October 18, 2023
When Teshuvah (Repentance) Starts at the Episcopal Church
For much of my life, Jewish High Holidays, a time of reflection and quest for redemption, have always included a visit to the local Episcopal church. I can explain.
Despite only living a few miles from my family’s synagogue (Shomrei Torah in Wayne, NJ), attending Rosh Hashanah and Yom Kippur services still proved to be a journey.
It started with the mad scramble to get my family of four all ready in time to depart for the synagogue in one car. In reality, coordinating “getting ready” rituals and requirements rarely made it possible to have fewer than two “departures”.
Then, came the short drive to the synagogue, followed by the ceremonial peek into the synagogue’s parking lot to see if there were any spaces available. To say that we never arrived right at the start of the service would be an understatement, and the synagogue parking lot was built for more “typical” event or service attendance – not holidays that see a 500-1000% growth in worshippers.
Once we admitted defeat, our collective voices (or inner voices, in the event that we were a car of one) would say “OK, let’s try the church.” I assure you we were not so easily swayed by parking troubles to abandon a religious tradition that has given meaning to our people and helped us endure for thousands of years. In fact, I didn’t even know what kind of church it was (you might wonder how that was possible – ask my dear colleague Rt. Rev. R. William “Bishop Bill” Franklin for that story).
“The church” (St. Michael’s Episcopal Church) was shorthand for the overflow parking lot made available to us for High Holidays. Always knowing that parking would be available at “the church” ensured Jewish families like mine who often struggled to get out the door that a late arrival wouldn’t mean parking miles away or circling the block for hours. Did it enable some worship tardiness? Sort of, but the truth was that we didn’t have to “try” the church; there was certainty that we’d find a spot there. We might have showed up to services late, but at least we weren’t completely frazzled.
We all must admit that allowing a neighbor to use your mostly unused parking lot for a few days is hardly noteworthy. But the truth is that there is a pretty significant tradition of Episcopal churches serving Jewish communities without their own appropriate physical places of worship (no space at all or not enough space to accommodate the “uptick” in attendance during High Holidays). High Holiday services were held this past year in Episcopal churches around the country, including:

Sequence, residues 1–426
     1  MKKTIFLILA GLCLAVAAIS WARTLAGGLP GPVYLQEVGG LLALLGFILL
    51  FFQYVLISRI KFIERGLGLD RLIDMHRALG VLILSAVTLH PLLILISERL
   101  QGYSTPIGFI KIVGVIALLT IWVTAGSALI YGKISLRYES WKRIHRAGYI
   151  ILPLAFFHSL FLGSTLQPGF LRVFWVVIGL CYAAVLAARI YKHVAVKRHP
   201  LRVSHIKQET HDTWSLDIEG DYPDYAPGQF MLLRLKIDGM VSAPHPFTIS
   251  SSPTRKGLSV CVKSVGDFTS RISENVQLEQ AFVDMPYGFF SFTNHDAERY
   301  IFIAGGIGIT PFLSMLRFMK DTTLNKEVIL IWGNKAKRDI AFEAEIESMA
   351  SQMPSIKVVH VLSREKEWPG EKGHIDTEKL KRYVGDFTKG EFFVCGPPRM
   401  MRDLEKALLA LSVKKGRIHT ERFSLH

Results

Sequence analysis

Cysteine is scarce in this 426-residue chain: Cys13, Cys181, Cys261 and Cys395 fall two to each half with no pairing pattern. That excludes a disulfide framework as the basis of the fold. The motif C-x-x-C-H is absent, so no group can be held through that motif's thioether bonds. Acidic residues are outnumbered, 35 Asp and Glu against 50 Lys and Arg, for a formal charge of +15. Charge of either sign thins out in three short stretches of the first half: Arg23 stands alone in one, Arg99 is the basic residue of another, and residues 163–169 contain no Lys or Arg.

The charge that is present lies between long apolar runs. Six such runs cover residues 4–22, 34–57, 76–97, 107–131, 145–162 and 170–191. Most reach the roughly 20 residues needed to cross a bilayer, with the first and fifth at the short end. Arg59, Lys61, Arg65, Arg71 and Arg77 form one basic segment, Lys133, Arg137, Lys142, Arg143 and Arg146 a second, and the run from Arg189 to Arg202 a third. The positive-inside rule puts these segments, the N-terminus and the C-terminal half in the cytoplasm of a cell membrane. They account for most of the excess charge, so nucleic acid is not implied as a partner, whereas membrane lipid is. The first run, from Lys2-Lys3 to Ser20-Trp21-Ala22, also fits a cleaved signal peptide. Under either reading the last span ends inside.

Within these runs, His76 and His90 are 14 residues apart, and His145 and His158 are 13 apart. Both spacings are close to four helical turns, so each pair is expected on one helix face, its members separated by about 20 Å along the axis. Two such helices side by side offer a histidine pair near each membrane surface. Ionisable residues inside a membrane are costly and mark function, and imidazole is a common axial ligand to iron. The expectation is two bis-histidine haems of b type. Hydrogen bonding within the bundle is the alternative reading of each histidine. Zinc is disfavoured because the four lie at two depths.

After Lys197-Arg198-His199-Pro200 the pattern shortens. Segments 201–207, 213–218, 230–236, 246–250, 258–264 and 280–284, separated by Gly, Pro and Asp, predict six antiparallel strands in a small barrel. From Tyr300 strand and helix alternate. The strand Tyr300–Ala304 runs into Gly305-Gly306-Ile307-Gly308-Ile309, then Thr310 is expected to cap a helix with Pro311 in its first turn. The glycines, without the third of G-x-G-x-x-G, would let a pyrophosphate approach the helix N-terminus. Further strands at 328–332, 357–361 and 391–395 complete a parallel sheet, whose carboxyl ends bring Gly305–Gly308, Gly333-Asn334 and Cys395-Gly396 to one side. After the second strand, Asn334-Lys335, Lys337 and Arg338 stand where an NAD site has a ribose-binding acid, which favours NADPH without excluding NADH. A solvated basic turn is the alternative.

Hermosa Beach, CA: Temple Shalom of the South Bay hosted by St. Cross Episcopal Church
Atlanta, GA: Congregation Bet Haverim hosted by St. Bartholomew's Episcopal Church
Lihue, HI: Jewish Community of Kauai hosted by Saint Michael & All Angels Episcopal Church
Jackson, WY: Jackson Hole Jewish Community hosted by St. John’s Episcopal Church
I could probably find more examples, but I am writing this post just as the sun sets marking the beginning of Yom Kippur (when work is supposed to cease). So let’s leave it at four, with the understanding that there surely are other examples.
But even more interesting and important is the role that Episcopal churches have played during some of the darkest days for Jewish communities in this country. When the Tree of Life Congregation in Pittsburgh, PA suffered a murderous antisemetic attack in 2018, Calvary Episcopal Church stepped up and worked with the Jewish community to create a welcoming home away from home, starting with High Holiday services in 2019. For several years, they continued in that role as Tree of Life went through their period of healing and thought through plans for “rebuilding” their physical home.
Congregation Beth Israel in Austin, TX, whose spiritual home was severely damaged by an antisemetic arsonist, found a similarly welcoming home for High Holiday services at St. Matthew’s Episcopal Church. In both cases, it was not merely about offering up the space; the church leaders worked with the Jewish communities to modify the physical space—including moving or covering religious furnishings and symbols—to make them feel as comfortable as possible. It is even mentioned that the progressive stances of the Episcopal Church, such as LGBTQ+ inclusivity, made the displaced Jewish communities feel more comfortable relocating to those Episcopal churches over other denominational church options made available.
The Episcopal and Jewish communities engage with one another throughout the year, working together on local interfaith coalitions and service organizations. And, of course, Jewish houses of worship have also forged positive working relationships—in local neighborhoods and beyond—with churches of other denominations. But, for me and many other Jews around the country, a visit to the parking lot or even the sanctuary of a local Episcopal church is part of the Jewish High Holidays experience.